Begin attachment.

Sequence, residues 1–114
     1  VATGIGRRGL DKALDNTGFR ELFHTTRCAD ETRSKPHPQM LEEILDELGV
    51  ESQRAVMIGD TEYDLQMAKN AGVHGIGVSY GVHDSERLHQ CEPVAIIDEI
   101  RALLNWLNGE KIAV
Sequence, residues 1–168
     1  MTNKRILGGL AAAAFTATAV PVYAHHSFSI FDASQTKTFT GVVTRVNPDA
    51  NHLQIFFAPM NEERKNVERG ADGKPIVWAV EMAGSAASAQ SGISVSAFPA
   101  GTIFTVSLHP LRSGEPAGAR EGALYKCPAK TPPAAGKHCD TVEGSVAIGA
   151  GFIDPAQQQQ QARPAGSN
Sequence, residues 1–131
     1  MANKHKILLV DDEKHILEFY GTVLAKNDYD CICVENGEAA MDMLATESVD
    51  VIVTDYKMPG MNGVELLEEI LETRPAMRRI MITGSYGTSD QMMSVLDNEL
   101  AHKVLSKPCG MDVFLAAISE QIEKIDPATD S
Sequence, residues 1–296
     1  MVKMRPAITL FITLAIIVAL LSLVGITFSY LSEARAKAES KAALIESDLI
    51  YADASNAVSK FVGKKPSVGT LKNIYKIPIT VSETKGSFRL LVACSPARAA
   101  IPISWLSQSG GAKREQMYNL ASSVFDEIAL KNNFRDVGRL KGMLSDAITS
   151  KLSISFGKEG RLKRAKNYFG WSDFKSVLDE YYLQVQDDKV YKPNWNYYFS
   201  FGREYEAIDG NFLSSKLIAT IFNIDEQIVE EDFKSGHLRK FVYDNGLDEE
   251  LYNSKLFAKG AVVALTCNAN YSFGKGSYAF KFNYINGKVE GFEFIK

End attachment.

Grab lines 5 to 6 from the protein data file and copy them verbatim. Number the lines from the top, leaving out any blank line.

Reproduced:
Sequence, residues 1–168
     1  MTNKRILGGL AAAAFTATAV PVYAHHSFSI FDASQTKTFT GVVTRVNPDA